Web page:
Yale University Cuts Ties to White Supremacy

Yale University Cuts Ties to White Supremacy

As businesses and universities continue announcing their support for diversity, Yale University makes one of the boldest statements of the list.

The University announced it is renaming one of its residential colleges. The department, called Calhoun College, was dedicated to former Vice President John C. Calhoun, an alumnus who was a slavery advocate. Last Spring, Yale President Peter Salovey said he did not want to erase history, but learn from it. However, university officials made a different decision this year.

The university is renaming the department Grace Murray Hopper College. Grace Murray Hopper was a mathematician and computer scientist who helped advance technology.

Sociology professor helped rename the college. She said that people immediately provided positive feedback to the university’s decision.

“The minute that the announcement came out, people stuck their heads out of the window and yelled ‘Wahoo!’,” she said.

University officials will add Grace Murray Hopper’s name to the building by the 2017-2018 academic year. Although they decided not to remove previous Calhoun-related artifacts, including Calhoun’s name on the college and stained glass portrayals of slavery, all documents and students’ T-shirts will refer to the college as Grace Murray Hopper. The facilities team will move the stained glass windows to another location with an explanation of their historical context.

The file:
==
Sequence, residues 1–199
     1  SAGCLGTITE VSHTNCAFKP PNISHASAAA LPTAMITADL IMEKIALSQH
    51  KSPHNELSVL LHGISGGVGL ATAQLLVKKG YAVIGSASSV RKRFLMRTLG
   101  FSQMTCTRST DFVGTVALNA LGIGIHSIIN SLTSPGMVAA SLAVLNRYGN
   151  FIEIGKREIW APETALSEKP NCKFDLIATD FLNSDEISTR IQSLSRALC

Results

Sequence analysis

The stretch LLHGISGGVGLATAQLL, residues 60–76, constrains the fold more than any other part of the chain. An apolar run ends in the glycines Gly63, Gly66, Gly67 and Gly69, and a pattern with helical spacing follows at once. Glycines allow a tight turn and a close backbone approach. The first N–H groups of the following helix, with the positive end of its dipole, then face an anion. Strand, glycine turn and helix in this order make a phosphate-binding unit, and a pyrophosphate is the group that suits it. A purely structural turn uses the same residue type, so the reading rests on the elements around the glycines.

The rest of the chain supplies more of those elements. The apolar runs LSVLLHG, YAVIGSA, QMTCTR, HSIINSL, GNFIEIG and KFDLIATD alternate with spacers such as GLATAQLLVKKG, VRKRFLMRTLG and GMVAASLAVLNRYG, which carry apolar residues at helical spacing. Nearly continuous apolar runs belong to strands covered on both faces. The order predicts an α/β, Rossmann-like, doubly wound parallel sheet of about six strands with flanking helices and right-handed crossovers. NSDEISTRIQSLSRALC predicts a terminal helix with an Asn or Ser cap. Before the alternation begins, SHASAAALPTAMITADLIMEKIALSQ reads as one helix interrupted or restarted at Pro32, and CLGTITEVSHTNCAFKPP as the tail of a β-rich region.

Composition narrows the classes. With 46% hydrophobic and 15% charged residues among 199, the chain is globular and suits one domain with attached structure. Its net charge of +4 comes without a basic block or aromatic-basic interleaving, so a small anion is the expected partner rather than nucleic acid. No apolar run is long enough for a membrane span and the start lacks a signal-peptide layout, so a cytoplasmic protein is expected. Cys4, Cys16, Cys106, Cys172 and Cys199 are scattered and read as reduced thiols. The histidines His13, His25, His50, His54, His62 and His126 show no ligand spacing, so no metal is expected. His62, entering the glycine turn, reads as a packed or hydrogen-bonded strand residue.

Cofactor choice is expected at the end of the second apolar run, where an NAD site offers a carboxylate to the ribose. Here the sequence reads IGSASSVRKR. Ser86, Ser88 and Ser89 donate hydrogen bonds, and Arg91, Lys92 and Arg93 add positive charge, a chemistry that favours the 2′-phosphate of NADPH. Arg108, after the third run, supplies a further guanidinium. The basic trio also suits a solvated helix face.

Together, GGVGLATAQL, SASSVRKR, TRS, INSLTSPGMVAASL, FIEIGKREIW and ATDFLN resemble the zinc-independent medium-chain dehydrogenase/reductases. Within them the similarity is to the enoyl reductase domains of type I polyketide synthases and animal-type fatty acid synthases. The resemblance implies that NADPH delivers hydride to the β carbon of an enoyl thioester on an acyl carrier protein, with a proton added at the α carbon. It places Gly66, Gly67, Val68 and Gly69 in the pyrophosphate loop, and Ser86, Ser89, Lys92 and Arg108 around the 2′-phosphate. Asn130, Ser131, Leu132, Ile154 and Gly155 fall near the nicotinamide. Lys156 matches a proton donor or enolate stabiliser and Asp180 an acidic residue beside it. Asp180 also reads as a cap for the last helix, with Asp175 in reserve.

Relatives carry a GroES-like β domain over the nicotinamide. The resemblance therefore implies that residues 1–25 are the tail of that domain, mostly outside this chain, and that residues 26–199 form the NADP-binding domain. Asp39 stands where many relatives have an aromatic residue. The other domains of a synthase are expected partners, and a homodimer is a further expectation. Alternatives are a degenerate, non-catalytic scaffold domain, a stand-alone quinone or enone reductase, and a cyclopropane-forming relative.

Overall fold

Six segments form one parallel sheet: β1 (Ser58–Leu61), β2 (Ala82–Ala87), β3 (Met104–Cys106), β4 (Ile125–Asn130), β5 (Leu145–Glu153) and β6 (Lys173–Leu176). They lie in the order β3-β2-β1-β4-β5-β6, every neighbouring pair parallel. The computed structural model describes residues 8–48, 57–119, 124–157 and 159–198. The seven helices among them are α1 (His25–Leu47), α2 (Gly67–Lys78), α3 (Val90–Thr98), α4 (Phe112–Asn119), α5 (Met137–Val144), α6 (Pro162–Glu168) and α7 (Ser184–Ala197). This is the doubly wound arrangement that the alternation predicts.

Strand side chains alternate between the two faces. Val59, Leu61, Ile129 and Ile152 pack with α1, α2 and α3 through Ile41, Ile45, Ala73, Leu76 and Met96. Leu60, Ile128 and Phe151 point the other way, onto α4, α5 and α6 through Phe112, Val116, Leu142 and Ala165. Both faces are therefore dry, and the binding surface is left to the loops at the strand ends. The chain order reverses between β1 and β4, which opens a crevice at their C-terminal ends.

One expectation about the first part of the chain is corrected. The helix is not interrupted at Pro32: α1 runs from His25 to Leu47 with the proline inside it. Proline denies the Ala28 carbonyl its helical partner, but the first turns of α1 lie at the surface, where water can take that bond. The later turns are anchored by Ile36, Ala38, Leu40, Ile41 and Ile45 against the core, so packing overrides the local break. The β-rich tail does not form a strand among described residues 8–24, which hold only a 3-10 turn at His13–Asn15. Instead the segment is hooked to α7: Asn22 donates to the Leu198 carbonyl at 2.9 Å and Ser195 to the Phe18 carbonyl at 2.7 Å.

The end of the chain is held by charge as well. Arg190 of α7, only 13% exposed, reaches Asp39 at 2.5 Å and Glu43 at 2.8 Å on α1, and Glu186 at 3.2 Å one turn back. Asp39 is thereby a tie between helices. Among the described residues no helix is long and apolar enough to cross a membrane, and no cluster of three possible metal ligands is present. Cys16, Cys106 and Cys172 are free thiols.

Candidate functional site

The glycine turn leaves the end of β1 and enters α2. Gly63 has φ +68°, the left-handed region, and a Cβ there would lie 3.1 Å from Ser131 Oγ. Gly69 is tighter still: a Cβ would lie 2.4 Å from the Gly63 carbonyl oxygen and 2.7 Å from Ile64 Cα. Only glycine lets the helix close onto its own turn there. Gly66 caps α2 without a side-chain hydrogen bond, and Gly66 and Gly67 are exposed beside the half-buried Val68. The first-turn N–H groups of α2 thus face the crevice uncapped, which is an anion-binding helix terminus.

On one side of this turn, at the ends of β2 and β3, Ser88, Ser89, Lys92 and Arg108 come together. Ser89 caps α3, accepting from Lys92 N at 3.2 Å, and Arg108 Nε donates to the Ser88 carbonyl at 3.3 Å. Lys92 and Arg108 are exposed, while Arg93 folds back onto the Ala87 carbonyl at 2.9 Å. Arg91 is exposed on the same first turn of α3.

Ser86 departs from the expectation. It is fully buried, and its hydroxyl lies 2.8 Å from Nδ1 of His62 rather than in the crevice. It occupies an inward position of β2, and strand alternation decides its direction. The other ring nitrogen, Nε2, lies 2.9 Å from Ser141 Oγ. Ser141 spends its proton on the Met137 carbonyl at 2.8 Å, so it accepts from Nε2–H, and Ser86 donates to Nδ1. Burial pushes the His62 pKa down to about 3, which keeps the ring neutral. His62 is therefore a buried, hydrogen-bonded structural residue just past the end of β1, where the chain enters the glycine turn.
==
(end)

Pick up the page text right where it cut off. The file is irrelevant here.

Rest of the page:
Despite the renaming of the college, Salovey said he still believes confronting history is more important than erasing it. Although he did not want to proceed, he allowed a committee, led by a historian, to consider the gesture. The committee created a set of four principles they used to make the decision. The main component of this set considers if the commemorated person’s legacy contradicts Yale’s values.

All things considered, Salovey said this principle pertained to Calhoun, who was “a white supremacist, an ardent defender of slavery as ‘a positive good.’” He continued to say that Calhoun’s views solidified more as he aged and he died criticizing the Declaration of Independence’s emphasis on the equality of people.

Additional principles included whether the commemorated person’s legacy was debated during his or her life, why the university honored that person, and whether the building has an important role in creating a community on campus.

Differing from his original stance, Solovey said he thinks Yale officials can make the change without effacing history

“In considering these principles, it became clear that Calhoun College presents an exceptionally strong case — perhaps uniquely strong — that allows it to overcome the powerful presumption against renaming,” he said. “This principal legacy of Calhoun…conflicts fundamentally with the values Yale has long championed.”

The committee’s decision was unanimous, and Salovey said he was thrilled with the decision.

Hopper graduated from Yale in 1934 with her doctorate in mathematics and mathematical physics. During World War II, she quit teaching to enlist in the U.S. Navy, primarily using math and computer technology. Her work creates opportunities for new computer programs and technological word-based languages.

Described as a “visionary,” Hopper retired as a rear admiral when she was 79. She received many honors, including the Presidential Medal of Freedom.

Salovey said her principal legacy is “all around us.”

“Grace Hopper College thus honors her spirit of innovation and public service while looking fearlessly to the future,” he said.”

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